Apparently Obadiah is the least read book of the Bible. Not Leviticus or 2 Chronicles, but Obadiah. Jeffrey Kranz explains why so few read it at The Bible Overview Project. I’d like motivate study of this marvelous little book by giving six reasons why you should read it, study it, teach it, and preach it.
1. It’s Easily Divided
Some of the prophets, even the shortish ones, are incredibly complex books that defy division or organization. Not Obadiah. It’s easily divided into two very simple, though somewhat unequal, parts:
- God’s Vengeance on Essau (1-16)
- God’s Victory for Jacob (17-21)
Or put even more simply:
- God’s Vengeance on His Enemies (1-16)
- God’s Victory for His People (17-21)
2. It’s Graphically Rich
The book begins by addressing Edom, the small but proud and self-confident nation-state of Essau’s descendants. Built on a natural fortress of high rocks, it was thought to be virtually impregnable. Have a look at some of the Google images; I’m sure even the least imaginative of us can conjure up a gripping and graphic description of such a scene. The prophet also depicts the Edomites horrific treatment of their ancient cousins in Israel.
3. It’s Culturally Relevant
Edom’s great crime was not only rejoicing in the ransacking of Jerusalem by pagan hordes, but also assisting the attack, hindering escapees, joining in with the looting, and just generally gloating in the miserable suffering of God’s people.
Sound familiar? As God’s people today are increasingly attacked, there’s no shortage of people enjoying the spectacle, piling in and on, and generally putting the boot in. So what was God’s message to the Edomites of that day and our day?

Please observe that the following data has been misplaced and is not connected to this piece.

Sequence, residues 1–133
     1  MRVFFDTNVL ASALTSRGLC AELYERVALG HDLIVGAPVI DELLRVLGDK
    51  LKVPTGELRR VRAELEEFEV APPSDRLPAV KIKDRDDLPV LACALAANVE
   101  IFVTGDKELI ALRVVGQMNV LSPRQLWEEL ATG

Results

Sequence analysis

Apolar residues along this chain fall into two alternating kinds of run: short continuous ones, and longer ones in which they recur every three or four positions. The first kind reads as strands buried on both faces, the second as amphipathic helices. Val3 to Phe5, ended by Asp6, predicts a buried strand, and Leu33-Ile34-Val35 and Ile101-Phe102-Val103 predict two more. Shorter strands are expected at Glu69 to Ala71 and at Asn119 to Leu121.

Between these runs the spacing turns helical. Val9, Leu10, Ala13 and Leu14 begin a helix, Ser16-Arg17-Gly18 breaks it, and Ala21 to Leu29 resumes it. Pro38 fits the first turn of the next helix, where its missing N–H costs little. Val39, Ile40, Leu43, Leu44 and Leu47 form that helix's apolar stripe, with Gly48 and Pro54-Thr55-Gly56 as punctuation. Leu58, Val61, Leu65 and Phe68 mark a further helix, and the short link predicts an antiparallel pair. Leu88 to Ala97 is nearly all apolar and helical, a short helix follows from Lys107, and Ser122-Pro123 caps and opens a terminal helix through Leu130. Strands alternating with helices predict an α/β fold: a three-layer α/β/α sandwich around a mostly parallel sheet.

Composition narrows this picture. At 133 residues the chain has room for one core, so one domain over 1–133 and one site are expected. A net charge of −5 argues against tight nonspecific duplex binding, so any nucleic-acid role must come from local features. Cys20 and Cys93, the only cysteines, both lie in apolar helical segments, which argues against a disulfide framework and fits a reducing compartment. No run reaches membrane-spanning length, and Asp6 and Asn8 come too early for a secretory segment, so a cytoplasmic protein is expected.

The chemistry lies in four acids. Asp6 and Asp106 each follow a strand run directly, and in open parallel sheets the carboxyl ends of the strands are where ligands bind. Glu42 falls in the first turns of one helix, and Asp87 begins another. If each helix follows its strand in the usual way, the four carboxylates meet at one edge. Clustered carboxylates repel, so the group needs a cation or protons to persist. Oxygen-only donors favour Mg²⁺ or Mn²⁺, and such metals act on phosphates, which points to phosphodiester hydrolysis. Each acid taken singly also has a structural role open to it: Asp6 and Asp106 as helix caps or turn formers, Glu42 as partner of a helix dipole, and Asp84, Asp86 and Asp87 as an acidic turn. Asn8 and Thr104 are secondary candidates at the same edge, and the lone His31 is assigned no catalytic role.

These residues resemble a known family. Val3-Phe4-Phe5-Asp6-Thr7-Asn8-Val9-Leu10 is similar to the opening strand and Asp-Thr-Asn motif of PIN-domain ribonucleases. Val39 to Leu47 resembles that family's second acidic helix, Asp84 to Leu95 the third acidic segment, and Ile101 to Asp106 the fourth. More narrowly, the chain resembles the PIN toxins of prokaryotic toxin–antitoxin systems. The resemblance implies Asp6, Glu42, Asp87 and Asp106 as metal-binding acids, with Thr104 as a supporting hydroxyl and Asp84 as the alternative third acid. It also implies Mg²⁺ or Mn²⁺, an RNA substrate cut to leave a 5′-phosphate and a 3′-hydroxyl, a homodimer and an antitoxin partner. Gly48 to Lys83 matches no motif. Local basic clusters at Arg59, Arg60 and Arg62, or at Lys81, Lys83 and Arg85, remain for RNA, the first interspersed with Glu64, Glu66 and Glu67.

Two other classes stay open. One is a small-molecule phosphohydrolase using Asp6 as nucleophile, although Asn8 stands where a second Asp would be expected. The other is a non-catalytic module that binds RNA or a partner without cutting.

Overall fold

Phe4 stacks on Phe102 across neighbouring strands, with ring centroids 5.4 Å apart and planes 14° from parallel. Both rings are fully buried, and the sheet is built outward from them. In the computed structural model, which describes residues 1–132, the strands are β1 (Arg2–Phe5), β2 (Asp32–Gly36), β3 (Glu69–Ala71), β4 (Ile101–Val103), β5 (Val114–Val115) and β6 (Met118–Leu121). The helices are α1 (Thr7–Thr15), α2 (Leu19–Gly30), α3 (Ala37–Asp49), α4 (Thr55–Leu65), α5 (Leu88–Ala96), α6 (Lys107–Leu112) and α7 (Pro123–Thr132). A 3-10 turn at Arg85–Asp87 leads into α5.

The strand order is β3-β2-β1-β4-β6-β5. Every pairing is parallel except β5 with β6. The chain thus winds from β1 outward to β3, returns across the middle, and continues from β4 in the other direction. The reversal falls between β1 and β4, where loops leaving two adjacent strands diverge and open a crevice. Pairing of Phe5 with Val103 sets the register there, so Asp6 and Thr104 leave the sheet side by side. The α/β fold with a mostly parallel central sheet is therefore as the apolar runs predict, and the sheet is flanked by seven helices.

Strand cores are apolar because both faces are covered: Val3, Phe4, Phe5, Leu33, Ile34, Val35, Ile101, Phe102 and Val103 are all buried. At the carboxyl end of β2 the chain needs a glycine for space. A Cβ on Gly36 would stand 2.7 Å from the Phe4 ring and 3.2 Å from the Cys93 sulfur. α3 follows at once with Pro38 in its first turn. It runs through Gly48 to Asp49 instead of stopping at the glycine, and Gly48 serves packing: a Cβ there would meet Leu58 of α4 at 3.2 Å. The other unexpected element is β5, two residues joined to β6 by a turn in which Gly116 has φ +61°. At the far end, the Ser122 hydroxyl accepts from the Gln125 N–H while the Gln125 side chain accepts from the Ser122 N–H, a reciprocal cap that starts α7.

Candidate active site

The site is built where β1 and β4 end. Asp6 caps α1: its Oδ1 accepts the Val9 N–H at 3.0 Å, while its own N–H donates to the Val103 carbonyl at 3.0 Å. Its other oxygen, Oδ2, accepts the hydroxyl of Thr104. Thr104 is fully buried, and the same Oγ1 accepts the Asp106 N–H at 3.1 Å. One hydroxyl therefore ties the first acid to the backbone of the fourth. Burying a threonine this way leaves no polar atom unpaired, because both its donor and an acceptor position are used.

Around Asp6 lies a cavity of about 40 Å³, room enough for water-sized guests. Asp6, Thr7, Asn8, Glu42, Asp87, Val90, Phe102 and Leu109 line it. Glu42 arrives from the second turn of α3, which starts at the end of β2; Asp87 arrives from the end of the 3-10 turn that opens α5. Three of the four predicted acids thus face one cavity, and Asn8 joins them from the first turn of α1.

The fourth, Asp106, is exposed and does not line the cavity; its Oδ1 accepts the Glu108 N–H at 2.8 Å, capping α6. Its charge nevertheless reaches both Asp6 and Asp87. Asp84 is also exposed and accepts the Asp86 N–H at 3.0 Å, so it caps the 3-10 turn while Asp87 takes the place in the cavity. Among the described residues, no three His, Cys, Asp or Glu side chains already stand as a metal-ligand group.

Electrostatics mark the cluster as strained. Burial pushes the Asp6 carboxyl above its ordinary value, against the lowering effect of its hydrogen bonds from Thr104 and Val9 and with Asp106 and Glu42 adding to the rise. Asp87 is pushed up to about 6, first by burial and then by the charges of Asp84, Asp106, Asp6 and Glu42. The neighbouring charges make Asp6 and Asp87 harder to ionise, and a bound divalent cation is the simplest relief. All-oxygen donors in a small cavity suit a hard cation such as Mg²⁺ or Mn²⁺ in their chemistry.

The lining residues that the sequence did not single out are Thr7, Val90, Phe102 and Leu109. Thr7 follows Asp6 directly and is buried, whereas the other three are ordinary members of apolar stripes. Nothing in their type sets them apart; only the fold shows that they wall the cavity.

4. It’s Perfectly Just
“I will bring you down!” That was God’s message to this high, lofty, and untouchable enemy. More than that, God says to the Edomites, “As you have done, it shall be done to you.” God’s perfect retributive justice will be executed – as you have done, so it will be done to you – eye for eye, laugh for laugh, loot for loot, boot for boot. Vengeance is God’s and He will repay all of His and His people’s enemies – with not a penny short or to spare.
I don’t know about you, but that really helps me through these days of seeing the most perverse people in society being celebrated and promoted, and those who love holiness and purity being punished and persecuted.
5. It’s Clearly Messianic
There’s a massive turning point with a little word in verse 17: “BUT.” After warning His enemies of all that would come upon them unless they repent, God moves on to assure God’s people of ultimate victory with a series of wonderful promises in verses 17-21:
- God’s people will be delivered
- God’s people will enjoy holy peace
- God’s people will inherit the earth (even Edomite earth)
And how will all this happen?
“Saviors will come to Mt. Zion.” A series of deliverers will be raised up from among God’s people, but all climaxing with the ultimate and final Savior when “the Kingdom shall be the Lord’s.”
6. It’s Gloriously Triumphant
“The Kingdom shall be the Lord’s.”
What a triumphant note to end on! The Lord will reign as King over the whole earth.
Don’t be a loser. Join the winning side!